We Have brought out this volume to introduce Dunhuang art to a wider readership of English language within and outside India. Our book features a picture of Dunhuang art vividly painted by its greatest authority, Professor Duan Wenjie, a man who has spent a lifetime preserving, studying, documenting and propagating the art of Dunhuang. Now in the seventy-eighth year of his life, Duan Wenjie is still the doyen of the Dunhuang studies in China besides being the active Director of the Dunhuang Academy. There is a certain history attached to the fact that this volume, the first of its kind in India, is brought out by the Indira Gandhi National Centre for the Arts (IGNCA), New Delhi.
|A Historic Meeting
On 12th October 1990, a historic
meeting took place in the Mogao Grottoes between Dr. Kapila Vatsyayan and Professor Duan
Wenjie. The former is an exponent of Indian art as well as an administrator dispensing
with matters of art and culture in the Government of India for four decades. The latter is
a representative of Chinese culture and art, an art historian and analyst, a custodian of
cultural relics in Dunhuang for over four decades. This writer was present at that meeting
as a go-between. Another person present in the meeting was Ms. Fan Jingshi, Vice-Director
of the Dunhuang Academy.
After a gap of three decades this was the first direct meaningful exchange of views on the art and culture of India and China between their own scholars . The meeting, in a sense, reflected the determination of the two great civilizations to begin a vigorous dialogue and a direct transmission of ideas and exchange of information and insights concerning the two great civilizations of mankind.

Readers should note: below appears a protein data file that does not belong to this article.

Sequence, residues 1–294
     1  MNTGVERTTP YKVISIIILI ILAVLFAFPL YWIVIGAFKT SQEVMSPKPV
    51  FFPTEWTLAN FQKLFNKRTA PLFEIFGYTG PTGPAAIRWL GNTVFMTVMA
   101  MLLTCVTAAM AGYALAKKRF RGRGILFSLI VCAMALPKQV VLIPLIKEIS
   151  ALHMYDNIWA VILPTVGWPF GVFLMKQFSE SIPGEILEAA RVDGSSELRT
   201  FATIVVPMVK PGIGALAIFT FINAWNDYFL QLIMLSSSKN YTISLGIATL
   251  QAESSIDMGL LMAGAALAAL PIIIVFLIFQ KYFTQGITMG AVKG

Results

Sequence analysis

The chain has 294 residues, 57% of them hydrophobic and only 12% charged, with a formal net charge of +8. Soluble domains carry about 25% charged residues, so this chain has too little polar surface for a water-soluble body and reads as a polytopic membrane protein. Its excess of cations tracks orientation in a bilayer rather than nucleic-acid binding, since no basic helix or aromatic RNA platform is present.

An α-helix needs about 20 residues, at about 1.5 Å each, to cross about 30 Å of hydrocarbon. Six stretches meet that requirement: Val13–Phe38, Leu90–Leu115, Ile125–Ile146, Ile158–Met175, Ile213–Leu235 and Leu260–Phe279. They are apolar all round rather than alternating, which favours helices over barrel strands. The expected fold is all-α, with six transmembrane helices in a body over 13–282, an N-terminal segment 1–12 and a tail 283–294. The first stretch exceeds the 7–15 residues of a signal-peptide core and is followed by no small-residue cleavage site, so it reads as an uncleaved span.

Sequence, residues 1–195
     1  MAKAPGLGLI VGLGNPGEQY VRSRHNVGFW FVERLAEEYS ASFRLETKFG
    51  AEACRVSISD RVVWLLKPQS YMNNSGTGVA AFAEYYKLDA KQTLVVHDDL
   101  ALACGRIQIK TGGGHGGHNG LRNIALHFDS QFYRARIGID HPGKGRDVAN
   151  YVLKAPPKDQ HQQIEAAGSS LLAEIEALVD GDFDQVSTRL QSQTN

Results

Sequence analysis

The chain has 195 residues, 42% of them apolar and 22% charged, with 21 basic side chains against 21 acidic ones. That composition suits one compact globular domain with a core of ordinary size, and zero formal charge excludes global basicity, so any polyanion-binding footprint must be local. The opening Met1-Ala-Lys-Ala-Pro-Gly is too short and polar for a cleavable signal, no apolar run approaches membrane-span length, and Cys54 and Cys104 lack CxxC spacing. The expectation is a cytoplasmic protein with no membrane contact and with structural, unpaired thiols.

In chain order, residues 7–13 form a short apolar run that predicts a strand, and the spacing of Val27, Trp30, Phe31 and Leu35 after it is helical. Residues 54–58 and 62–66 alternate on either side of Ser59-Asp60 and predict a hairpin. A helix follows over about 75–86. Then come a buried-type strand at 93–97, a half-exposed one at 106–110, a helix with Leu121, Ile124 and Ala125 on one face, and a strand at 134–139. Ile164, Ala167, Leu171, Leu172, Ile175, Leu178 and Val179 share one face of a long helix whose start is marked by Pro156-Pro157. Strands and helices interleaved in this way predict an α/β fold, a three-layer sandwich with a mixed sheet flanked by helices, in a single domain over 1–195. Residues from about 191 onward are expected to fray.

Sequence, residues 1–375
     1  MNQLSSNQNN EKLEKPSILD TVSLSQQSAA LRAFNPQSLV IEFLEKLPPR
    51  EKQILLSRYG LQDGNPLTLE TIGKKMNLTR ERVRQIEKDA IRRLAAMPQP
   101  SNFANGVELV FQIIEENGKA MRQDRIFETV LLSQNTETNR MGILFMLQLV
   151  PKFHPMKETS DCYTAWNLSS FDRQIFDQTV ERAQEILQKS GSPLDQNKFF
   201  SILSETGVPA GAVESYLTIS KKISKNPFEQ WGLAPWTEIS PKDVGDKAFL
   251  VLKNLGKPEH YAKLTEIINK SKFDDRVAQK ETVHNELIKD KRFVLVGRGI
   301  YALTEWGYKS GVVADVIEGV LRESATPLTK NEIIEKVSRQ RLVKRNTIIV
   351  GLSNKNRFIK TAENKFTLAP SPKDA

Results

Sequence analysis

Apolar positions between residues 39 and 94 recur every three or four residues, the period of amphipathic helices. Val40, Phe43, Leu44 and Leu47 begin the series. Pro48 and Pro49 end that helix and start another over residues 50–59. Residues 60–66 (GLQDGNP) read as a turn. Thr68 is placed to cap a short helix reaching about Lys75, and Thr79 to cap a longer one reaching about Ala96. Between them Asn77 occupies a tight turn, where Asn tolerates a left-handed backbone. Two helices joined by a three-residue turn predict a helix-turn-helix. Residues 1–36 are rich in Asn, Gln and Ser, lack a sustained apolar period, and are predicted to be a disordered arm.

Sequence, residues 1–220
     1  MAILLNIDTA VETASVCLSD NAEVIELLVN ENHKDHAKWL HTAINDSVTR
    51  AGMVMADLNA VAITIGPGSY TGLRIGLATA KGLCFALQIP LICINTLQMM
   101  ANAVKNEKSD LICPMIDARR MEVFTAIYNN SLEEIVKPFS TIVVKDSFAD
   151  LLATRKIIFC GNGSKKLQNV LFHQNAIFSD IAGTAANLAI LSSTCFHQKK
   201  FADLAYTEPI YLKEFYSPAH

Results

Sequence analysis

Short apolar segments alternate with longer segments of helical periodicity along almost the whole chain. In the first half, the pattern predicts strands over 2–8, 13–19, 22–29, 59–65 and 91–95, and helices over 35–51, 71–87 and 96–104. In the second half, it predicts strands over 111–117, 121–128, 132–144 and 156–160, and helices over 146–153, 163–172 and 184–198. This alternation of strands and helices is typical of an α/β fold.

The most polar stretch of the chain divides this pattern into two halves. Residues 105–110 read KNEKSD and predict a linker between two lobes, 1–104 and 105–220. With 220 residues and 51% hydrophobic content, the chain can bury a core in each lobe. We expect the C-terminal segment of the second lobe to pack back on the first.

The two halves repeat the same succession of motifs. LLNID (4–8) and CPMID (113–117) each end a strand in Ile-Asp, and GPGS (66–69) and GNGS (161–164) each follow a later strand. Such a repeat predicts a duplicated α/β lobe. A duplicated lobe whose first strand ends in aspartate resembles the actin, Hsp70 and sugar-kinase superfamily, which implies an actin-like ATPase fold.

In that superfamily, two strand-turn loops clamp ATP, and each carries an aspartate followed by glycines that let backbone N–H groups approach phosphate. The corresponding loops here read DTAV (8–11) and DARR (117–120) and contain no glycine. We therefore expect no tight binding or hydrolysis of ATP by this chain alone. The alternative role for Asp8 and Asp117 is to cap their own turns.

Dr. Kapila Vatsyayan was, then, Member-Secretary of IGNCA. She and Professor Duan Wenjie, Director of Dunhuang Academy, initiated a meaningful start of a long-term collaboration between the two institutions. In her usual style of do-it-here-and-now, she made the following offers to Prof. Duan:
1) IGNCA to invite a delegation from Dunhuang Academy to visit India to see Indian cultural relics and interact with Indian scholars and experts;
2) IGNCA to invite Dunhuang Academy to exhibit the reproduction of the Dunhuang murals in New Delhi to bring them to inform and educate the Indian public;
3) IGNCA to sponsor two scholars from the Dunhuang Academy to study Sanskrit and Indian history and culture in India; and
4) IGNCA to translate Chinese studies on art and culture and publish them in India for the benefit of Indian experts as well as general readers.
The first three proposals have already been translated into reality. This book is an implementation of Item 4, the first of a series to be brought out by IGNCA about Chinese art and culture. This is a humble contribution from Dr. Vatsyayan and myself personally, and from IGNCA and its Area Studies Division, East Asian Programme institutionally, to the development of Sino-Indian friendship and understanding for future generations.